Mem Inst Oswaldo Cruz, Rio de Janeiro, 97(1) January 2002
IgG Anti-IgE Autoantibodies in Visceral Leishmaniasis
Departamento de Análises Clínicas e Toxicológicas, Faculdade de Farmácia, Universidade Federal da Bahia, Rua Barão de Geremoabo s/nu00b0, Campus Ondina, 40171-970 Salvador, BA, Brasil
*Serviço de Imunologia, Hospital Universitário Prof. Edgar Santos, Salvador, BA, Brasil
Procedures for IgG depletion in visceral leishmaniasis (VL) and schistosomiasis sera using Sepharose-protein G beads also deplete IgE. In this study, the presence of IgG anti-IgE autoantibodies in sera from patients with VL (n = 10), and hepatic-intestinal schistosomiasis (n = 10) and from healthy individuals (n = 10) was investigated. A sandwich ELISA using goat IgG anti-human IgE to capture serum IgE and goat anti-human IgG peroxidase conjugate to demonstrate the binding of IgG to the IgE captured was performed. VL sera had higher titers (p 0.05) of IgG anti-IgE autoantibodies (OD = 2.01 ± 0.43) than sera from healthy individuals (OD = 1.35 ± 0.16) or persons infected with Schistosoma mansoni (OD = 1.34 ± 0.18). The immunoblotting carried out with eluates from Sepharose-protein G beads used to deplete IgG from these sera and goat anti-human IgE peroxidase conjugate, showed a similar pattern of bands, predominating the 75 kDa e-heavy chain and also polypeptides resulting from physiological enzymatic digestion of IgE. A frequent additional band immediately above 75 kDa was obsrved only in VL sera.
Immunoglobulin E is an isotype of antibody that has Fc receptors of different affinity on basophils, mast cells, eosinophils, macrophages and platelets. The immune reaction of IgE fixed on these cells with the corresponding antigen can release bioactive cell mediators as histamine, sulfidopeptide leukotrienes, prostaglandin D2 or platelet-activating factor, causing systemic or local inflammatory reactions. The involvement of IgE in host immune response to parasite antigens was showed immediately after its immunochemical identification in 1969, when high concentration of this protein in serum was obtained from persons suffering of helminthiasis (Bennich et al. 1969, Kojima et al. 1972). The recent studies on the dichotomy of immune response in Th1 and Th2 (Coffman et al. 1991), which is related to the pattern of cytokines produced during antigenic stimulation, have shown that IgE is the mainly antibody induced by IL-4 and IL-13 during a Th2 immunologic event (Romagnani 1998, 2000, Hunter & Reiner 2000). This fact has provoked the interest in the research of this isotype of immunoglobulin in several diseases associated to a Th2 immunological pattern such as systemic lupus erythematosus and viral and parasitic infections (Elkayam et al. 1995, Mazza et al. 1995, Atta et al. 1998). A common pitfall in serum IgE immunoassays to diagnosis infections by protozoa or helminth, also present in IgM tests, corresponds to false negative results originated by serologic competition of IgG antibodies, generally present in greater concentration, and affinity for common epitopes on target antigens. In order to solve this problem, procedures of serum IgG depletion have been advised, employing anti-human IgG antibodies obtained through immunization of different species, followed by elimination of the immune precipitates formed after absorption by centrifugation. Staphylococcus protein A, Streptococcus protein G or anti-IgG antibodies have also been used as ligands in experiments of serum IgG depletion after conjugation with inert particles as Sepharose beads.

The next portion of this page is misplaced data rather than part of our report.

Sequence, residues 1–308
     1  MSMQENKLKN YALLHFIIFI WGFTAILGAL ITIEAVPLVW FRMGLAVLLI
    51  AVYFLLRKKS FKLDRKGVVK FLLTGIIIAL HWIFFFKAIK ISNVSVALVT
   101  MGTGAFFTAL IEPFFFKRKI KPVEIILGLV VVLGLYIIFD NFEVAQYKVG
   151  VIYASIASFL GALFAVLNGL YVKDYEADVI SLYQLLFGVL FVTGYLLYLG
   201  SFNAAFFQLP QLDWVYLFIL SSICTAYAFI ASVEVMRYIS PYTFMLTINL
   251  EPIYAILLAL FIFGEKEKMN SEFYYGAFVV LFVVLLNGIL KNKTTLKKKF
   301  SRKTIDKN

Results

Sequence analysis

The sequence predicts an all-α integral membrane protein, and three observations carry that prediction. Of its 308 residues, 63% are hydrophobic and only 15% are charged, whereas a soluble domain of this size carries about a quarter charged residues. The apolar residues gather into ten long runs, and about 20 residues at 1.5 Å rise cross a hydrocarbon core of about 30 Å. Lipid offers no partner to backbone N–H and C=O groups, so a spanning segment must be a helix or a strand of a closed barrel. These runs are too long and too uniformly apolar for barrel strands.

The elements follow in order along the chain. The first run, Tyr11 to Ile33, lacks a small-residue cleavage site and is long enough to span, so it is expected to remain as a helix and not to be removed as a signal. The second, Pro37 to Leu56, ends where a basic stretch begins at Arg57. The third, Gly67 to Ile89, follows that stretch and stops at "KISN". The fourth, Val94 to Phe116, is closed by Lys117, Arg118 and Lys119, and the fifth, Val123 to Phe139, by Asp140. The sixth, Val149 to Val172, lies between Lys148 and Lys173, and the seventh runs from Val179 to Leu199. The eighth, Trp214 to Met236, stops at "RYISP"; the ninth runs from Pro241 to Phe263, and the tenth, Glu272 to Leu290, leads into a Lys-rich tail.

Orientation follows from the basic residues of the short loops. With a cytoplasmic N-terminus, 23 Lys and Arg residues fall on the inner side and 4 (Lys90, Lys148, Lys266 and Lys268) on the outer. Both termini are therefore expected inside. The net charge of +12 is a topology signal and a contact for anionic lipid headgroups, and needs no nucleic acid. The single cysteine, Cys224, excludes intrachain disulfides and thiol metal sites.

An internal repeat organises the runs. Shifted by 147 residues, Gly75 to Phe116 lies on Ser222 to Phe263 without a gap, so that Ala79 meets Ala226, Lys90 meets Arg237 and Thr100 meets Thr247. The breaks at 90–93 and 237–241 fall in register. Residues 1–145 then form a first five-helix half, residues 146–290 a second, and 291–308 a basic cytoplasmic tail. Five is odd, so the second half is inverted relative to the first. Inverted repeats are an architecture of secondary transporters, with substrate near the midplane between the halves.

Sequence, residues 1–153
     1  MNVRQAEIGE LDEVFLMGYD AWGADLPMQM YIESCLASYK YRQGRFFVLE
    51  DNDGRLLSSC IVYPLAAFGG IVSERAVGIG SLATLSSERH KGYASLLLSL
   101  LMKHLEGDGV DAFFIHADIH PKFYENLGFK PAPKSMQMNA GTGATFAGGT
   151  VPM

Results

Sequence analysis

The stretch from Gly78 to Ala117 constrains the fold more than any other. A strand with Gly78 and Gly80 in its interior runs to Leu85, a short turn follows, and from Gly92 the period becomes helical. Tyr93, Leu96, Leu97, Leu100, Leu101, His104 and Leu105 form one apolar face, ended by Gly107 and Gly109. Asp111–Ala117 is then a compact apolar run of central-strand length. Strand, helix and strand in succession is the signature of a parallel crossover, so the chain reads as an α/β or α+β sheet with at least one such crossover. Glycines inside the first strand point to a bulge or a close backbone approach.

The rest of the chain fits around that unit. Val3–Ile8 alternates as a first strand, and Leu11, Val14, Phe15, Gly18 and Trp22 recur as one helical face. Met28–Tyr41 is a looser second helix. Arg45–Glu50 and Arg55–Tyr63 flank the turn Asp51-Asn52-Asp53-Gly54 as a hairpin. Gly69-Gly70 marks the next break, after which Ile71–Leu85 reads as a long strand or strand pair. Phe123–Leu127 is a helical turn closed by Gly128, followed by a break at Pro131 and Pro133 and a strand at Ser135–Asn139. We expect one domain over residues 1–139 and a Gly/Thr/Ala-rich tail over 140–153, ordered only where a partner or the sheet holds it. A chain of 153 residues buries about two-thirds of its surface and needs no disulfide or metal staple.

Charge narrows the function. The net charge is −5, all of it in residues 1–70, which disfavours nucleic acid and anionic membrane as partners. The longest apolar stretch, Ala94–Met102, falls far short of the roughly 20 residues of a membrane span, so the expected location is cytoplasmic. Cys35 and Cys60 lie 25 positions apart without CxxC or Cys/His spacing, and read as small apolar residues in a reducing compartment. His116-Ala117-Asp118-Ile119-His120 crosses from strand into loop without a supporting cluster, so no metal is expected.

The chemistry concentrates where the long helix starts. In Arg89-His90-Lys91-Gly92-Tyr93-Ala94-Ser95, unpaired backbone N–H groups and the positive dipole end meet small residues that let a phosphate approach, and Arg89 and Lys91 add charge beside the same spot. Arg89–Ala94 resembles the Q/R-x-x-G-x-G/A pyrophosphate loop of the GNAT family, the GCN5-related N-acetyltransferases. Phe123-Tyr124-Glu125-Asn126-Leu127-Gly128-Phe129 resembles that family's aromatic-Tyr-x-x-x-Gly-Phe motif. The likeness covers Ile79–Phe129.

Recently, when we investigated the occurrence of IgE anti-Leishmania chagasi antibodies in sera from patients with visceral leishmaniasis (VL), and also IgE anti-Schistosoma mansoni antibodies in sera from individuals with schistosomiasis, we observed that the use of Sepharose-protein G for the depletion of IgG caused significant fall in sensitivity of the specific immunoassays when the results obtained were compared with those derived from the use of RF-Absorbent (Behring Diagnostics, USA), a solution of purified anti-human IgG antibodies (Sousa-Atta et al. 1999). Considering that IgG anti-IgE autoantibodies have been demonstrated in healthy individuals and in patients with asthma, autoimmune and parasite diseases (Inganas et al. 1981, Quinti et al. 1986, Gruber et al. 1988, Scheuer et al. 1991), and complexed IgG anti-IgE autoantibodies were documented in sera from Crohn's disease patients and from patients with rheumatoid arthritis (Huber et al. 1998, Millauer et al. 1999), the aims of this study was to evaluate the levels of complexed IgG anti-IgE autoantibodies in sera from VL and from with hepatic-intestinal schistosomiasis mansoni patients and also to investigate if treatment of human serum with Sepharose-Protein G causes IgE depletion through the sequestration of immunocomplexes IgG-IgE by the beads.
MATERIALS AND METHODS
Sera - Sera from 10 VL and 10 schistosomiasis mansoni patients were obtained from persons with clinical and laboratory diagnosis of these parasitic diseases, all assisted by the staff of the Immunology Service of the Hospital Universitário Professor Edgard Santos. Control sera were from 10 healthy individuals having negative serology for rheumatic and infectious diseases (American trypanosomiasis, viral hepatitis and syphilis).